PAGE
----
@Petal looking forward to my doc appointment to see what can be altered to my current mix that might have an immediate, positive effect.

    Gotta do SOMETHING...these mornings are unbearable. I just thrash around in the bed, breathing like a madman and, eventually, crying. Extremely difficult to bring myself to go to work when I wake up in that state. (which then turns counter-productive, skipping work doesn't make anything better, it just intensifies things)
  5. may71

    may71 Well-Known Member

    If you give acupuncture and traditional Chinese herbal medicine a shot, you may be surprised how well it works. Or not, I suppose, but either way it's worth a shot.

    In any case, I hope you find something that help soon.
  6. Depressed in SF

    Depressed in SF Well-Known Member

    Was it you that mentioned acupuncture to me on another thread? (someone did...) I'm definitely interested and willing to check it out! Will let you know how it goes..
  7. lifetalkz

    lifetalkz Well-Known Member

    Depressed-Hey there! I just wanted to add something to my earlier post......anxiety disorder is an elusive and contradictory mental disposition. It's not what it seems to be on the surface. I learned that after spending decades of time at the mercy of the disease. In my case at least, my problem really did come down to being very confused about the difference between the problems that I could control in life and the problems that I couldn't control. I wasted vast amounts of mental and emotional energy trying to solve problems that were beyond my grasp in the first place! Focusing in on only one topic of importance-powerlessness worked wonders on my recovery. I would also like to add that I did recover fully and I no longer struggle with that issue ever!! If I did it, so can you!! It wasn't an easy task to accomplish, but once I understood where my misunderstanding came from, I was able to deconstruct the illusion and change my destiny =)
  8. Depressed in SF

    Depressed in SF Well-Known Member

    @lifetalkz thank you so much for sharing your experience and I'm glad to hear that you're no longer suffering! :)

    In examining potential root cause issues...I think, for me, its always been a foreboding fear of the future. In college I was terrified to graduate and join the "real world"...since then I've subsequently been terrified of just about anything else that was "next" in my life. These days its gotten to a micro-level that makes me terrified of each day itself.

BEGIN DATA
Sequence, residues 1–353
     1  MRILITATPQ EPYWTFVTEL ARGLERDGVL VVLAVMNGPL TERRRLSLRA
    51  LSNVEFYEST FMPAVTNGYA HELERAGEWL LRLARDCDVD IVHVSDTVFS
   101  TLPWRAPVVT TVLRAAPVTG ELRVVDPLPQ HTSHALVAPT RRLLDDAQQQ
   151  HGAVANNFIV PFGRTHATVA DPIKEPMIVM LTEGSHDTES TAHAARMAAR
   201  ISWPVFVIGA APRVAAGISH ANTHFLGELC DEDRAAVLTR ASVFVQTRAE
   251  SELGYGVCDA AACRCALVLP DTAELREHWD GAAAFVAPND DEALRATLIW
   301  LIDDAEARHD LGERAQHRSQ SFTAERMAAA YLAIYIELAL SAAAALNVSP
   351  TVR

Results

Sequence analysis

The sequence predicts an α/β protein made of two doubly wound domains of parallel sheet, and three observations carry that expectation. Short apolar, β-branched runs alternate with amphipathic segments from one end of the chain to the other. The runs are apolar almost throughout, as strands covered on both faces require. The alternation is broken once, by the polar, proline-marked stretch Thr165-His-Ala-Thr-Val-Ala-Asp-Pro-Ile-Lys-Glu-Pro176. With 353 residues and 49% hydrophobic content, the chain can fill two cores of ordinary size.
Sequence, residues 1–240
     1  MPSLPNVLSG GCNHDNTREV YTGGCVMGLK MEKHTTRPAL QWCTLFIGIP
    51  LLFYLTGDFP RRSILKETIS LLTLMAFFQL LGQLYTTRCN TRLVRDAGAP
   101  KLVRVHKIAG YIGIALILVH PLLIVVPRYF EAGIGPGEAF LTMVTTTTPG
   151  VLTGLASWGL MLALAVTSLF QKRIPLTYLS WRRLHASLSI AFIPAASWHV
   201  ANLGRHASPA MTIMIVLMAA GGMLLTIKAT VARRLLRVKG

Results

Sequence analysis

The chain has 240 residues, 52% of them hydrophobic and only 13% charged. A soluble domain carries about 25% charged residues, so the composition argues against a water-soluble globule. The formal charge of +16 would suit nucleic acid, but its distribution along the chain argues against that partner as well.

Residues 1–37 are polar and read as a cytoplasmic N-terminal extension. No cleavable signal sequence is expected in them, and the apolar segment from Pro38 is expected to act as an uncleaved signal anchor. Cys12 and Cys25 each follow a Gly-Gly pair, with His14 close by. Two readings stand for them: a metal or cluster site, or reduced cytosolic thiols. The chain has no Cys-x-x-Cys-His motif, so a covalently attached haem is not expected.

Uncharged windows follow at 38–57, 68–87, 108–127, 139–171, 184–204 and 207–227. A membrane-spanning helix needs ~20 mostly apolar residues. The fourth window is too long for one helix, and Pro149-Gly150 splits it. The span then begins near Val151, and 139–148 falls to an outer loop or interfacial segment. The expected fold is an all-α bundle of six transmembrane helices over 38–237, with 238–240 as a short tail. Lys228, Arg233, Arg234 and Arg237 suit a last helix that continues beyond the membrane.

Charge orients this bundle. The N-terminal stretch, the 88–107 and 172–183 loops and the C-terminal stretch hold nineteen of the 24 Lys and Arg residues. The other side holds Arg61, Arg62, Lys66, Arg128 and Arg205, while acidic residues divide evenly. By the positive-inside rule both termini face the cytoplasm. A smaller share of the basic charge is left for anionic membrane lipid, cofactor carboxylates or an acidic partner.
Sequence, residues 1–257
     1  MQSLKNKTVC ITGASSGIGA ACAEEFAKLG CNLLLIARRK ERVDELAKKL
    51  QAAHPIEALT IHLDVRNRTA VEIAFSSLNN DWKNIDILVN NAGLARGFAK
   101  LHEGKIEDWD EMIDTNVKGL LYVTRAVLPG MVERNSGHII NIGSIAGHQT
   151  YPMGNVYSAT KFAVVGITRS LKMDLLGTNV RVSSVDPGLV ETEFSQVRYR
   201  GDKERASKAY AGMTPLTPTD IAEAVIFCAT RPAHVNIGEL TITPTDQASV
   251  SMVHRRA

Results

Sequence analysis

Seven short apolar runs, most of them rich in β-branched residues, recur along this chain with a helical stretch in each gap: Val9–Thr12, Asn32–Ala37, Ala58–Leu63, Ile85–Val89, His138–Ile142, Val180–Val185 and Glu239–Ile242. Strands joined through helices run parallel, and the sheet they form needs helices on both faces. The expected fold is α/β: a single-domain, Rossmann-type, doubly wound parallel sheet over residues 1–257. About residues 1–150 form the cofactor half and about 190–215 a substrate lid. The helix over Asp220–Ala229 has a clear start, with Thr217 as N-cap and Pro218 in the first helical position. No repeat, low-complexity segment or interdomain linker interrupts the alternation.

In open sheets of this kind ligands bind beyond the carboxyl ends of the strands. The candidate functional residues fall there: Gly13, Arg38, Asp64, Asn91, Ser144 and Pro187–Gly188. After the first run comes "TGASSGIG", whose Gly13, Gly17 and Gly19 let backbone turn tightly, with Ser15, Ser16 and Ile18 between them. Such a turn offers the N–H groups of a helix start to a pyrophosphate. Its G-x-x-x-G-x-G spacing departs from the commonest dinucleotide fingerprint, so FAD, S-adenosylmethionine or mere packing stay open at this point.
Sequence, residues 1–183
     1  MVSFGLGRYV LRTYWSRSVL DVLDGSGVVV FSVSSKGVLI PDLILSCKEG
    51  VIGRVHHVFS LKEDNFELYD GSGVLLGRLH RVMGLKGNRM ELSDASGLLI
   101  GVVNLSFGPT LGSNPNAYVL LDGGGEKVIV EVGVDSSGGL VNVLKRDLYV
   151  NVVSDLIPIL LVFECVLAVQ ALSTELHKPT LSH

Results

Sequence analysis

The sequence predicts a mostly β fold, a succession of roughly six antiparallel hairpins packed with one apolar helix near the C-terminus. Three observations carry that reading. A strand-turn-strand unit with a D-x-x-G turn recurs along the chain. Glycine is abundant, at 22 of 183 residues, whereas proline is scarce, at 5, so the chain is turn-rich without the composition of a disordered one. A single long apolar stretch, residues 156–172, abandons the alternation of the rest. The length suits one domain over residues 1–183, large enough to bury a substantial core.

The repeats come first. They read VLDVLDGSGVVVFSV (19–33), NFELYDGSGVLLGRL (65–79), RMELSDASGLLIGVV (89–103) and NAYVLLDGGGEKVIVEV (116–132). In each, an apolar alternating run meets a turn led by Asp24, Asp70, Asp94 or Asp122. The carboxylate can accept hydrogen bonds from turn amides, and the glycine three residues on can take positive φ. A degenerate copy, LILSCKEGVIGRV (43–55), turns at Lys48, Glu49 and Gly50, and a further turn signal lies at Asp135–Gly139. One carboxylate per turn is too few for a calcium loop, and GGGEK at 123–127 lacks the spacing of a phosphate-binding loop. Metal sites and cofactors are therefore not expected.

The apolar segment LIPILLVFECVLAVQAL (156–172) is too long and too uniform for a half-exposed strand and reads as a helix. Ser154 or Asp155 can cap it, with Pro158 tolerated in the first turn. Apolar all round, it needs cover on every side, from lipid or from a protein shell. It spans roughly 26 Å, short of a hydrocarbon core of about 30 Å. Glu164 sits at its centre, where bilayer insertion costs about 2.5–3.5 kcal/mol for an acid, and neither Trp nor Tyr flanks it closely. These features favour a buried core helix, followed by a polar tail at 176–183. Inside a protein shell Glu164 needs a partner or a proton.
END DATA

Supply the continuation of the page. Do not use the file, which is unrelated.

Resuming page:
There may be one big, giant, underlying thing to this all and, if so, I hope to find it and reconcile with it so I can be free of these panic episodes.
  9. may71

    may71 Well-Known Member

    Yeah, I think it was me. I recommend it constantly, but for good reason
  10. Kira

    Kira SF Gelfling Staff Alumni SF Supporter

    I think you hit the nail on the head right there.
    Meds and breathing techniques got me through my ridiculously bad panic attacks years ago so they are essential. But like you said, it's getting to the core root of the problem. Fear of the future is very real - even if it's just about getting though the day at hand.
    Some mornings I wake up and my chest is so heavy with anxiety. I just have to remind myself that I'm safe and nothing bad is going to happen. Try and rationalize with myself. Slow my breathing and try to relax before I get out of bed.
    Also, make sure with your doctor what the best time to take your meds are. This can have an impact too.
    Good luck. There's sure to be a way that works for you. We've been there or are still there so we understand. Take care :)
    Depressed in SF likes this.
  11. BarryW

    BarryW Well-Known Member

    I have anxiety issues as well so I can relate to some of what you are talking about. One thing that I try to do is to remember the times that I was all worried about a certain thing, and then the next day something (unrelated) terrible happened and then I didn't even think about the previous issues anymore which had been bothering me for days/weeks and I felt so silly for having ever thought I had problems before that day. In other words I try to put things in perspective and remember that today's problems are not necessarily tomorrow's problems. Also this poster helps me relax by making my problems feel very small: